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‘Punished’ for being sexually abused in York County: Jehovah’s Witnesses’ culture of cover-up


Sarah Brooks was always a faithful Jehovah’s Witness, until she was sexually abused by members of her church. She was 15. Church elders punished her and her abusers. (Ty Lohr/The York Daily Record)

The church isolates its members, shames and shuns victims who come forth and instructs elders to keep reports secret. And children are being abused.

Sarah Brooks was 17, riding in her dad’s pickup, when she told him.

She had always been a daddy’s girl, she said. She was a tomboy growing up, playing with the boys, and later, when she could wield a wrench, working on cars with her dad. After some detours in life, she would work as a welder. She liked working with her hands, and she and her dad were close.

It was hard to tell her dad. She knew what had been happening to her was wrong. She knew that it needed to stop. She felt deep shame and deep guilt. She was the victim, but still, she felt that what had happened to her was her fault, that she was a horrible, dirty person. She knew there would be consequences. The people who did those things to her had warned her not to tell, they said that if she did, she would be ruining lives and that nobody would believe her and that she would be the one to suffer in the end.

Still, she needed to tell. It was wrong. Something had to be done. So, she told.

Sarah told her dad that Joshua and Jennifer had sexually abused her over a period of months, starting when she was 15. Joshua was Joshua Caldwell, a friend from church. Jennifer was Jennifer McVey, married to Sarah’s brother and having an affair with Caldwell. Caldwell was 12 years older than Sarah; McVey, six. Sarah had been working for the couple cleaning out houses that were in foreclosure.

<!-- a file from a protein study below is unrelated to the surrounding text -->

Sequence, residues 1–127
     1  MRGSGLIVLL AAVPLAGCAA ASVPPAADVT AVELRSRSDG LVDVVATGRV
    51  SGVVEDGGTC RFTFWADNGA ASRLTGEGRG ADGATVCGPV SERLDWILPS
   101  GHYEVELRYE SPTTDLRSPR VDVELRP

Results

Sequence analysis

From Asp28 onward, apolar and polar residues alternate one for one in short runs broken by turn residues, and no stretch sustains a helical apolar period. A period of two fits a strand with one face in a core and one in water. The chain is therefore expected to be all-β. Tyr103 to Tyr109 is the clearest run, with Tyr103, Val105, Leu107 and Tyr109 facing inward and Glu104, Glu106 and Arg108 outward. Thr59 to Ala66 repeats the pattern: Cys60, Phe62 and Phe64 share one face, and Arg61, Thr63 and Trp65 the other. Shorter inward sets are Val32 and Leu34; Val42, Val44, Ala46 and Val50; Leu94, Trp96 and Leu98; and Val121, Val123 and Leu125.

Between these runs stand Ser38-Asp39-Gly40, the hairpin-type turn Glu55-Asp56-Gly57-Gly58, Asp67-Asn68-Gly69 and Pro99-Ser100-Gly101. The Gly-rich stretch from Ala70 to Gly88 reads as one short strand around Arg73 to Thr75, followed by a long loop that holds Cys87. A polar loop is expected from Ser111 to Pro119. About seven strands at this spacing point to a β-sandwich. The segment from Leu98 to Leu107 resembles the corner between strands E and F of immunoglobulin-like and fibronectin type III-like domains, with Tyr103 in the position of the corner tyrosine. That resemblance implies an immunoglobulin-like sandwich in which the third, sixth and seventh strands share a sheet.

She had met them through their church, the Yorkana Kingdom Hall of the Jehovah’s Witnesses, and thought that working for them would be safe and good, the church being a close and cloistered community.

Her family had lengthy history in the Jehovah’s Witnesses. The church, and its community, was their life. They had little contact with the outside world, staying with their own, save for going door-to-door to convince others that their religion was the one and true path to salvation in these, the final days of human history.

When they arrived home, her father told her to go to her room while he discussed what she had told him with her mother. Her parents called two of the elders of the church – the Jehovah’s Witnesses doesn’t have professional clergy, leaving the shepherding of the flock to appointed elders, members of the congregation – who came to the house and questioned Sarah.

They sat in the living room – Sarah, her parents and the two elders, who happened to be Caldwell’s father-in-law and brother-in-law – while the elders interviewed her, asking her questions about what had happened, making her provide details of the most shameful and intimate secrets she had been warned not to divulge. She told them about the sexual games they played in the work truck and at job sites. She told them about Caldwell and McVey coming to her home and abusing her, separately and together. She told them everything. They went over it again and again, making her tell them, again and again, about what happened.

It felt like she was dying, Sarah recalled. As she was interrogated, she had a sinking, heavy feeling in her stomach. She was terrified.

“I don’t know if there’s a word to describe it,” she said, telling the story recently on the deck of her home in southern York County. “Everything was so fresh and raw, and they kept making me repeat it and repeat it and repeat it.”

She felt terrible, humiliated, embarrassed, shamed. At the end of it, she still felt terrible, but at least she felt that she had done the right thing, that the abuse would stop and that the elders would give her justice by punishing her abusers.

She was the victim. She would be OK, she thought. She trusted her church would do the right thing.

She was wrong.


Martin Haugh points to some Jehovah’s Witness’ literature while talking about his reasons for leaving the religion, Sunday, Oct. 21, 2018. Haugh was an elder at the Red Lion Kingdom Hall. (Ty Lohr/The York Daily Record)

‘A recipe for child abuse’